'Peaches' was a big hit for the guys in the summer of 1977, hitting No. 8, but it didn't get there without a bit of controversy. Unlike the political furors caused by the Clash and Sex Pistols, the controversy here was due to the song's sexual nature. Cornwell's vocals seethe with lecherous lust, and the reggae-influenced track is locked into its groove by the stellar bass of Jean-Jacques Burnel and Cornwell's jagged guitars. The song sticks in the head instantly, so it's no wonder it sold so well and remains a live staple, both for Cornwell and the Stranglers.
No. 3 on our list of the Best Stranglers Songs is a 1978 non-LP single that serves as a great example of what the group was all about. Dripping with attitude, ambition and anger, '5 Minutes' is pretty much untouchable. From the ominous intro right on through the entire three-minute ride, the band are in overdrive. The rhythm section come on like a steamroller while bassist Jean-Jacques Burnel spits out the vocals, summoning a fire from within. It's got all the spirit and attitude of punk, but with the Stranglers unique stamp on it.
'No More Heroes'
The title track from the band's second album remains one of their most identifiable songs. All of the key elements of the band's sound shine brightly here. With lyrics about figures of history, including Leon Trotsky, William Shakespeare and Lenny Bruce, the song played somewhat on the punk motif of disowning the past. In the case, however, the title wasn't a command but rather a statement of longing. The song surges along, never letting up in its three minutes of glory.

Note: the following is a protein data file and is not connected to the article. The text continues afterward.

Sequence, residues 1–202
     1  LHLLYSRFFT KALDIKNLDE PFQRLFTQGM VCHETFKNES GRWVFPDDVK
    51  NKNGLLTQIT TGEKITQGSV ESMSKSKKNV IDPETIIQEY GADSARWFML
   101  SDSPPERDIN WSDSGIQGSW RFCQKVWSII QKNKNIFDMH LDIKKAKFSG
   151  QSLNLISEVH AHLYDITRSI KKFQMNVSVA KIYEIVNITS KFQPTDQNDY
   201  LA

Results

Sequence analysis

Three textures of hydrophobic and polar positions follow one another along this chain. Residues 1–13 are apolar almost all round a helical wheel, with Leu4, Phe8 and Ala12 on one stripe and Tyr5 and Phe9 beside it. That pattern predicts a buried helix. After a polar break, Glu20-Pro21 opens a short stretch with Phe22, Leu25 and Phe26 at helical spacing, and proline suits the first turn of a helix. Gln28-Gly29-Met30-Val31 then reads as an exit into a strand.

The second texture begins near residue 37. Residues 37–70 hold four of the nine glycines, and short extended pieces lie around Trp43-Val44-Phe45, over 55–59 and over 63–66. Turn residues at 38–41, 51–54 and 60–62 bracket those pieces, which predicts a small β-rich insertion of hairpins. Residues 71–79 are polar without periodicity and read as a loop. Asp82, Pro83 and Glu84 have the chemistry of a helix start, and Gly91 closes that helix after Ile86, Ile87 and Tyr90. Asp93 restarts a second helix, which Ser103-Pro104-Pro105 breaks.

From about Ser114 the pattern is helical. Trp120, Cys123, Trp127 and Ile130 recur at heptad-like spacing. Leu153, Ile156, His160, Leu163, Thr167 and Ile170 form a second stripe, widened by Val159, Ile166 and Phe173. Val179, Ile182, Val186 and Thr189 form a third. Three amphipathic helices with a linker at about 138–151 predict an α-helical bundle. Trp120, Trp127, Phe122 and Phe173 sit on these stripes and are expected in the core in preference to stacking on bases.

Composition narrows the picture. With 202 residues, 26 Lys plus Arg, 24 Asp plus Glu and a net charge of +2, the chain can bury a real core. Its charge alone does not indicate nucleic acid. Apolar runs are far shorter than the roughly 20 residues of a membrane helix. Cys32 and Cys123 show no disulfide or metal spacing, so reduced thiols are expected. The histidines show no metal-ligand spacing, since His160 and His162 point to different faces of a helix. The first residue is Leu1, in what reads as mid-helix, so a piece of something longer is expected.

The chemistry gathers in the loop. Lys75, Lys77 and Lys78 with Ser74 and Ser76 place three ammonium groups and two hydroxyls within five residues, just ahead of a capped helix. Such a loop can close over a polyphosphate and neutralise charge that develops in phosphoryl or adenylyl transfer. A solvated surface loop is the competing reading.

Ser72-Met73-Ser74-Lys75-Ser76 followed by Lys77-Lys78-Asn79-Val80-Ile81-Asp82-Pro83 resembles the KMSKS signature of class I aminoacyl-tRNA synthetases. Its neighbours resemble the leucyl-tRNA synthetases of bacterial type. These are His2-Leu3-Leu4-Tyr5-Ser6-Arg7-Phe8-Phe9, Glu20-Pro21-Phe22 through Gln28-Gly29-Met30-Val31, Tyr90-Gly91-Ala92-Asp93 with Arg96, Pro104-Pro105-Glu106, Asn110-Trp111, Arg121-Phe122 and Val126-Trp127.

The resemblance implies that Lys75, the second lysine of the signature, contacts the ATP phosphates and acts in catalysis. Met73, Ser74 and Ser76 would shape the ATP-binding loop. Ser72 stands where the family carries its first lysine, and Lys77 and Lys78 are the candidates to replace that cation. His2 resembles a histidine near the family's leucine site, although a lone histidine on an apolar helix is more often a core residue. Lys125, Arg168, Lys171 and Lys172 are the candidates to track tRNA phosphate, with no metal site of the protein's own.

'(Get A) Grip (On Yourself)'
Topping our list of the 10 Best Stranglers Songs is '(Get a) Grip (On Yourself),' found on the band's 1977 debut LP, 'Rattus Norvegicus.' The song is classic Stranglers from start to finish. 'Committed for insanity, crimes against the soul / the worst crime that I ever did was play some rock and roll,' sings Hugh Cornwell, overflowing with venom. Dave Greenfield's keyboards duel it out with some nasty fuzz guitar and saxophone, while the rhythm section, solid as ever, drives nonstop. 'Grip' was also released as the group's debut single in January of 1977, and it's as good a place as any to start the Stranglers story.